Whitman news since 1896

Whitman Wire

Vol. CLIV, Issue 10
Whitman news since 1896

Whitman Wire

Whitman news since 1896

Whitman Wire

Local GLBTQ youth culture explored

When asked about the biggest surprise she encountered while researching her thesis on gay, lesbian, bisexual, transgendered and questioning (GLBTQ) youth in Walla Walla, senior Shea Healey said it was that people were willing to talk to her.

“I originally assumed that I would have trouble scheduling interviews due to the controversial subject matter, especially in the local school district,” Healey said.   “I was surprised to find that the large majority of individuals I contacted were willing to not only discuss this issue but to think critically on the state of homosexuality in Walla Walla.”

Healey’s research, entitled “Out and Proud?   The Atmosphere Surrounding GLBTQ Youth in Walla Walla,” made her the recipient of this year’s David Nord Award.     This award is reserved for Whitman students and faculty who address important issues in the gay and lesbian community through creative or scholarly works.

David Nord graduated Whitman in 1983 and became a delegate to the Democratic Party Convention in 1996.   The David Nord Award was established in 1996.   Nord died of AIDS in 1999.

“The Nord Award is an amazing opportunity for students to study GLBTQ issues,” said junior Dusti Thurman, who works as a GLBTQ intern and was responsible for organizing Healey’s presentation.   “The issue of queer youth in Walla Walla is something that’s been in need of address… I really hope Shea’s presentation can be of some help to make the four years of high school suck less for students who aren’t straight.”

Healey presented her thesis last Monday to a large crowd at the Gaiser Auditorium.   She included quotes from multiple interviews with students, teachers and administrators in the Walla Walla School District on the subject of local GLBTQ youth.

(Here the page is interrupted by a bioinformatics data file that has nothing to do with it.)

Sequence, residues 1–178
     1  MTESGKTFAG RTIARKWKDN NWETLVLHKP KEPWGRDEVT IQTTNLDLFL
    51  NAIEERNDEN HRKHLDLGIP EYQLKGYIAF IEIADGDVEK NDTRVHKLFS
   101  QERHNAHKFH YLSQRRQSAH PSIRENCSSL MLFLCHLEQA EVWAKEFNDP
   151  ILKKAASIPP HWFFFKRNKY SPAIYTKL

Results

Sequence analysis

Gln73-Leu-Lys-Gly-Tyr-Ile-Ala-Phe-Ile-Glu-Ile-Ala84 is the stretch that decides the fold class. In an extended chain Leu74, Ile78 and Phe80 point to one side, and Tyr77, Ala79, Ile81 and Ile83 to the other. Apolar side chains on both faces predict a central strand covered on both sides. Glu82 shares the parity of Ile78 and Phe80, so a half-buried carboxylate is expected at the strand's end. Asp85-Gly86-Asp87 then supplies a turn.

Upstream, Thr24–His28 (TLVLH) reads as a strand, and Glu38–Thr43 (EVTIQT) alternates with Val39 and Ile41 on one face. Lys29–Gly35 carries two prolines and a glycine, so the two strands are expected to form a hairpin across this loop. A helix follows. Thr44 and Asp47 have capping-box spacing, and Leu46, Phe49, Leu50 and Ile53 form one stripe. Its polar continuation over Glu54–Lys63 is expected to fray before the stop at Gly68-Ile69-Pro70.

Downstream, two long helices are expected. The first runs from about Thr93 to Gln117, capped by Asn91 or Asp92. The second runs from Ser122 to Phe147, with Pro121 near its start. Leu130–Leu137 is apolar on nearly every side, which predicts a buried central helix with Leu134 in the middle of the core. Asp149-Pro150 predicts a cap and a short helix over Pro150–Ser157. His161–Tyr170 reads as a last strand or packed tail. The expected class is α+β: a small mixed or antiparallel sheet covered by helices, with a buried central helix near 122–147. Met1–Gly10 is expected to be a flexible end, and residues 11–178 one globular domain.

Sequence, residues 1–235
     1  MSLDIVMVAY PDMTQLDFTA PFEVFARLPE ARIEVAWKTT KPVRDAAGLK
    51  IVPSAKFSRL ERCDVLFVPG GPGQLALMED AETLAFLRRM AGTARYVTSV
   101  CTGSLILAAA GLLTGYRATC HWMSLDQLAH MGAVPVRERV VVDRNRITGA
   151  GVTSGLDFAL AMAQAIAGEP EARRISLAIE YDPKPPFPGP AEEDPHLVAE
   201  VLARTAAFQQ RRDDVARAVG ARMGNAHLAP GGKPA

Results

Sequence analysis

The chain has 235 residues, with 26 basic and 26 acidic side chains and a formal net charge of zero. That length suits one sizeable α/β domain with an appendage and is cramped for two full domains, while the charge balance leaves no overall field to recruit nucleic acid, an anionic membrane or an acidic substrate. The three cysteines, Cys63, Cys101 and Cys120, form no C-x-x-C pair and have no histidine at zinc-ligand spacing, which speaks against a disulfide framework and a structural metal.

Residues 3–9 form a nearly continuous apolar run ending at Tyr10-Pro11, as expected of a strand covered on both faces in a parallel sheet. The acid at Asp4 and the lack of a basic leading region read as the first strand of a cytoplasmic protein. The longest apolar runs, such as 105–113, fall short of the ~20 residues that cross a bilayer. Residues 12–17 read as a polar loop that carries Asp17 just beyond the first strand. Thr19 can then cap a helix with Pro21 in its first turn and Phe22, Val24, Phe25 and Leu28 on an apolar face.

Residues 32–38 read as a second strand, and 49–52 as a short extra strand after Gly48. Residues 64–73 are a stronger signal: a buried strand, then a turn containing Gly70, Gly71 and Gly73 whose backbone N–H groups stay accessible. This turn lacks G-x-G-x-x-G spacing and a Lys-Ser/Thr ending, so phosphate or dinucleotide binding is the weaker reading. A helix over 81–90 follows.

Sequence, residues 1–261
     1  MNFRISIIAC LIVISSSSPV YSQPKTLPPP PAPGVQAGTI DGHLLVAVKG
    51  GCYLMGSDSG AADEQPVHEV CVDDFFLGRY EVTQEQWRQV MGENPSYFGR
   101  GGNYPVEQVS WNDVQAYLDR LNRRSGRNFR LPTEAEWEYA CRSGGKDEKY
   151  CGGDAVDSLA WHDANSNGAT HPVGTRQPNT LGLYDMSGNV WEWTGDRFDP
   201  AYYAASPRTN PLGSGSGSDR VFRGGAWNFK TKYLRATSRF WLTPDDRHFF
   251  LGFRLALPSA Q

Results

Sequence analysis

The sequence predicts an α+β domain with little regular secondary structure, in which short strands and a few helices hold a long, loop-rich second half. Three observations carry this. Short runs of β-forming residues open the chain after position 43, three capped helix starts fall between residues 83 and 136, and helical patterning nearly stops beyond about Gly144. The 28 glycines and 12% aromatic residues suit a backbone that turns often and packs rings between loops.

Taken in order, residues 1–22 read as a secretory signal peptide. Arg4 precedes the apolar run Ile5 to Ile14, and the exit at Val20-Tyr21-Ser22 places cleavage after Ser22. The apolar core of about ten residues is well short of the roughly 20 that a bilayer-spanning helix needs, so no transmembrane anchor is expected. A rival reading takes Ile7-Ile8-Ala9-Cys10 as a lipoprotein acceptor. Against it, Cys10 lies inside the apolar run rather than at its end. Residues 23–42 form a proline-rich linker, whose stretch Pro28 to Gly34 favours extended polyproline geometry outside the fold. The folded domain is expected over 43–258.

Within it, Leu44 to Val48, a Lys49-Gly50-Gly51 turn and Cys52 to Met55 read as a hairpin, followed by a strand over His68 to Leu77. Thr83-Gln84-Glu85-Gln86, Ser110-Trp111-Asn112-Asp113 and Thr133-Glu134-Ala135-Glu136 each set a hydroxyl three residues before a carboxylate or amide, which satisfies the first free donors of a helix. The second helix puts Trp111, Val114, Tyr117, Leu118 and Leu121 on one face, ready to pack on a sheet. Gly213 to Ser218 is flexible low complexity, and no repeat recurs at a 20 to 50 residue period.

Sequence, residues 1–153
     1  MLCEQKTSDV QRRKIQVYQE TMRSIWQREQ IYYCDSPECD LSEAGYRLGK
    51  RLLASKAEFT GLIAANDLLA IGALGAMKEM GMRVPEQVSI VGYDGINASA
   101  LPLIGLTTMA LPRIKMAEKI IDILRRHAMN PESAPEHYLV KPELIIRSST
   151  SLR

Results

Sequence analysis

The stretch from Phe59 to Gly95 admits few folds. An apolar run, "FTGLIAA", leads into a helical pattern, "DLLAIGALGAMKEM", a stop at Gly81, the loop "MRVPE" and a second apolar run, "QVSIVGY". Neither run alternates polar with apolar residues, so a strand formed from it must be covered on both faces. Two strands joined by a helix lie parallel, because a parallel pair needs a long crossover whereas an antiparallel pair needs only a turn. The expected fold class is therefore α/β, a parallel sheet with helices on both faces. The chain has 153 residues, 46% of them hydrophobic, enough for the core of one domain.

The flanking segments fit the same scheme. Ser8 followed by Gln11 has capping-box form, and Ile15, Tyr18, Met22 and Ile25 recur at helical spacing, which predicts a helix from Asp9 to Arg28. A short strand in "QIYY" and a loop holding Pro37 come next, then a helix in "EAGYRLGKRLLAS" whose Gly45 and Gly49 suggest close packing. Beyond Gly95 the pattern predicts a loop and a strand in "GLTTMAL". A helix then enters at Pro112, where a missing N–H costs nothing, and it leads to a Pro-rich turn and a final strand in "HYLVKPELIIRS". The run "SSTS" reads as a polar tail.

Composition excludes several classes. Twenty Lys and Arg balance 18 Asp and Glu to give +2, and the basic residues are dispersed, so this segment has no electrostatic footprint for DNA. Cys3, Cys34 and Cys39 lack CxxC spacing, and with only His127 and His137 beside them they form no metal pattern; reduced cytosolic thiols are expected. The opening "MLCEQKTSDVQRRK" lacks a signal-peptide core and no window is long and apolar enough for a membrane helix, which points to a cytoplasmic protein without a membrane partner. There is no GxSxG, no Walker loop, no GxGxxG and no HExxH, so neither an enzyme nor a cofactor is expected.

“I was actually a little surprised at the turnout but it was definitely a pleasant surprise,” said Thurman. “I think the topic…really helped in drawing people in.”

Healey first came up with the idea for her thesis while volunteering for Triple Point, the first GLBTQ youth program to be formed in Walla Walla.

“I wanted to write a thesis that would give voice to young sexual minorities, a population that is too often silenced in Walla Walla,” Healey said.   “I was largely inspired by local GLBTQ youth: an amazing and courageous group of kids.”

First-year Logan Skirm, who attended the presentation, acknowledged the need for Whitman students to better understand such issues that impact the community.

“I thought it was important to support Shea and her research.   Most of all, I think it was important to get insight into the Walla Walla community to see what is really going on in the parts we don’t see on campus,” he said.   “Whitman students [should] broaden their knowledge of the local scene and not just look at the community in a superficial way…I have great hopes that the presentation will spark continued interest and activism from Whitman students and that they can hopefully continue Shea’s work by encouraging the development of local GSAs and reduce then stigmatization of sexual minorities.”

While the presentation indicated some glaring inadequacies in the resources schools provide to students about sexuality, Healey’s overall appraisal of the situation suggests that the community’s reaction to GLBTQ youth is more often influenced by inexperience and discomfort with the issue than it is by outright hostility.

“I found that most people were uncomfortable with it but not opposed to supporting GLBTQ youth,” Healey said.

Skirm also noted the mixed feedback presented in the survey.

“On the positive side, there’s the fact that there was such a very receptive response to the survey, and to Shea, as she collected data,” Skirm said.   “However, the survey did reveal that there was ignorance, misinformation and a certain degree of indifference to changing to situation.”

Thurman expressed similar views, as well as the hope that this presentation will continue to foster dialogue within the community.

“I think her presentation can at least begin some discourse about the topic. It was also good to see that there is some hope in the situation.   Maybe the light at the end of the tunnel is faint and far away, but it is there and I think that’s good to know.”

Despite the challenges Walla Walla faces in reconciling its small town mentality with the needs of GLBTQ students, Healey remains optimistic.

“I think there is tremendous potential in Walla Walla for creating a safe, supporting and comfortable atmosphere for GLBTQ youth,” she said.   “The process of meeting that potential, however, will require a committed community effort.”

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